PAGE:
Anthony Rendon's fourth season with the Los Angeles Angels had virtually the exact same outcome as each of the last three. He'd enter the season with lofty expectations, play for a good amount to start the year, then land on the IL and be limited to fewer than 60 games.
Rendon hadn't reached the 60-game mark once with the Angels, and had played just 47 last season. He came into the 2023 campaign with the Angels organization fully supporting him. Both Perry Minasian and Phil Nevin hyped him up as a prime Comeback Player of the Year candidate, and for the first month and a half of the season, the third baseman had stayed mostly healthy.
The injuries caught up to Rendon later on, and after just 43 games, his season is officially over. Rendon, who has been out since July 4 with a shin injury, ended his season slashing .236/.361/.318 with two home runs and 22 RBI in 183 plate appearances.
Anthony Rendon officially out for the season as his LA Angels career remains an unmitigated disaster
Rendon missing the remainder of the season wasn't something anyone really expected when he fouled the ball off his shin, but as time went on, it's not surprising to see Rendon not return at this point.
There really isn't even much of a reason for him to return as the Angels have been out of it for a month now, and watching him play 10 games or so won't help anyone. The hope now is for the veteran third baseman to be healthy heading into Spring Training and get his body into a place where he can withstand a full 162-game season without needing many trips on the IL.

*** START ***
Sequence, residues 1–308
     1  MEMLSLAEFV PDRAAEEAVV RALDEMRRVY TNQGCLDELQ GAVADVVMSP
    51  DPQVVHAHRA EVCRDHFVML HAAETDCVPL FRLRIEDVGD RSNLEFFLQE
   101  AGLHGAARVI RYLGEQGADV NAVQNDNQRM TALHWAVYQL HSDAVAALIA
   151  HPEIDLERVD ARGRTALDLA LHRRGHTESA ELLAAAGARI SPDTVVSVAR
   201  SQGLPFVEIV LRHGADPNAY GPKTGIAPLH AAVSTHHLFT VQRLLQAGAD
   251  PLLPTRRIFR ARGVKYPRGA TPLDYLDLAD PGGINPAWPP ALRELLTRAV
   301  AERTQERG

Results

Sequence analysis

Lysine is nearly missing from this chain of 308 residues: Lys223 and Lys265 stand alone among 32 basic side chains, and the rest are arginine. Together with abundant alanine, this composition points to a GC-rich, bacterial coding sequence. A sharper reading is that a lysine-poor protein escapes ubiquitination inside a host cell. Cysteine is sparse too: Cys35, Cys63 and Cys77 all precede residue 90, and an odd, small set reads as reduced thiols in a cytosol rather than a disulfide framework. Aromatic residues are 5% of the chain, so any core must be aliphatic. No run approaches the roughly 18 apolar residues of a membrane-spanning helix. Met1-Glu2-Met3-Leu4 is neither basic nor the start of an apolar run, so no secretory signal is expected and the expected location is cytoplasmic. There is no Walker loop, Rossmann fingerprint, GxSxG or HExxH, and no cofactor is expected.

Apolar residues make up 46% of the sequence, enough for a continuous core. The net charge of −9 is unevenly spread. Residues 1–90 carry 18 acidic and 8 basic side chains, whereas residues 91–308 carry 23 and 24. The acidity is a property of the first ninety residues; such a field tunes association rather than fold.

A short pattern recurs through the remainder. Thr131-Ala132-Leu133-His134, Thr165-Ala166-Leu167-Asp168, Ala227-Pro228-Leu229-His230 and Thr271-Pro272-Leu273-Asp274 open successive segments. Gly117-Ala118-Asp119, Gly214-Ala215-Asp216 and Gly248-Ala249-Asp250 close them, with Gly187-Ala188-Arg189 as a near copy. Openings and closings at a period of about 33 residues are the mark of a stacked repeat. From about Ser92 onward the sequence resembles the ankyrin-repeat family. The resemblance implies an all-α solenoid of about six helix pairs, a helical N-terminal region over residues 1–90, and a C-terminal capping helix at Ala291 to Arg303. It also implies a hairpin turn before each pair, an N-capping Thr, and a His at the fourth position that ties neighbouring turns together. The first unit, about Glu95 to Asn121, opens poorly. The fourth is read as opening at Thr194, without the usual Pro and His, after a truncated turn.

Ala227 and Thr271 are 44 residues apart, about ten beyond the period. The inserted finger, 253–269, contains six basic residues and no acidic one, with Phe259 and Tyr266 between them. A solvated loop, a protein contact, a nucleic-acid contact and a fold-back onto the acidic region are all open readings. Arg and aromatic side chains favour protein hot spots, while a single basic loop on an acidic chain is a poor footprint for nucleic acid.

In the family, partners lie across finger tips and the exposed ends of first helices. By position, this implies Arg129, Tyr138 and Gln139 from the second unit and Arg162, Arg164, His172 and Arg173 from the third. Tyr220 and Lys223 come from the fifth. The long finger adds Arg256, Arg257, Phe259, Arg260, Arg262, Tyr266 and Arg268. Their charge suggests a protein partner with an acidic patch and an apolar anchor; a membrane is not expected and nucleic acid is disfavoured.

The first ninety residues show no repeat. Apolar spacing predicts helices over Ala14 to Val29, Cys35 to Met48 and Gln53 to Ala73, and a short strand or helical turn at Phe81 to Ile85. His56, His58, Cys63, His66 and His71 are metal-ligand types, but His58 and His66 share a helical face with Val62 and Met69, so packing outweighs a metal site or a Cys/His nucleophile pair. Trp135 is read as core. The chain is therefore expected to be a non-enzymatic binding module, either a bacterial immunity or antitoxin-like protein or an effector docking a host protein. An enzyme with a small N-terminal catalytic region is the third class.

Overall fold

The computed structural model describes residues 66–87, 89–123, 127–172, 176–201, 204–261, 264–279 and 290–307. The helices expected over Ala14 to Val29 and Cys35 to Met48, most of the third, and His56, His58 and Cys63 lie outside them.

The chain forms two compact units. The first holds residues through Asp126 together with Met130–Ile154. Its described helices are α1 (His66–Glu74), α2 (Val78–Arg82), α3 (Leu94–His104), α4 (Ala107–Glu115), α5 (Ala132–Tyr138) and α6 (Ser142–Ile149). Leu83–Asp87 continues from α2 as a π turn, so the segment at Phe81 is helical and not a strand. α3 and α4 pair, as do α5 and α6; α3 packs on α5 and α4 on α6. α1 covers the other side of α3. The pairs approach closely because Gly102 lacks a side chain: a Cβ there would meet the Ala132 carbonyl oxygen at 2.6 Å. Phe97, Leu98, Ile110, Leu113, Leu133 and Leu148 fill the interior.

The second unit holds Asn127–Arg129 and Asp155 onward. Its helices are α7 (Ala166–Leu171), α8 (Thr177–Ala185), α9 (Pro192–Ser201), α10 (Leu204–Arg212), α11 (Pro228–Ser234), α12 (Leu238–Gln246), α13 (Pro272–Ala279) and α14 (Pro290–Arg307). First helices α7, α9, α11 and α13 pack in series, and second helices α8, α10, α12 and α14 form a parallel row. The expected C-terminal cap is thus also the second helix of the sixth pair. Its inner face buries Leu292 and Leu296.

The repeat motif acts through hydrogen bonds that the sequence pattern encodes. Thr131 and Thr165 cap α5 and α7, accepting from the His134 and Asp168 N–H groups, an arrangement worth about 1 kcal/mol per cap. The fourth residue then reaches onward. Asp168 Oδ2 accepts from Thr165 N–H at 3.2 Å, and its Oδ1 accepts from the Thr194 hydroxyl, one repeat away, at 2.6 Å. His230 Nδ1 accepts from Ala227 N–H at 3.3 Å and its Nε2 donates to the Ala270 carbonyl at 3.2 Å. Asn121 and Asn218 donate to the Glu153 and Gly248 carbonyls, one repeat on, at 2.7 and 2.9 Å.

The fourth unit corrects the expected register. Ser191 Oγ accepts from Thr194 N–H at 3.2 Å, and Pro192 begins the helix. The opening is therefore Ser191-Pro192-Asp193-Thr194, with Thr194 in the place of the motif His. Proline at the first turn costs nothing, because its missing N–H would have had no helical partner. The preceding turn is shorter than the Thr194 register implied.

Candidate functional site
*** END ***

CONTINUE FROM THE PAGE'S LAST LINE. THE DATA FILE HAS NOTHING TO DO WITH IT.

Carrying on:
Not only has Rendon been limited to 148 games total in the last three seasons (49 on average), he has just a 94 OPS+ in the games he's played. So Rendon has barely played, and when he has, he's been a below-average hitter. Just unfathomable for a player who is making $38 million and is just 33 years old.
The Angels enter this offseason with Rendon likely pencilled in as their third baseman for the 2024 season, but he simply cannot be trusted at this point. Bringing in a player like Gio Urshela as an insurance policy is a must, which again, is awful for a player the Angels are paying so much money for.
Rendon's season got off to a pretty promising start as he was hitting for a high average and getting on base a ton, but he struggled after returning from his first IL stint and never quite got in a groove again. The Angels hope he can be productive for them in 2024, but again, he's impossible to rely on at this point.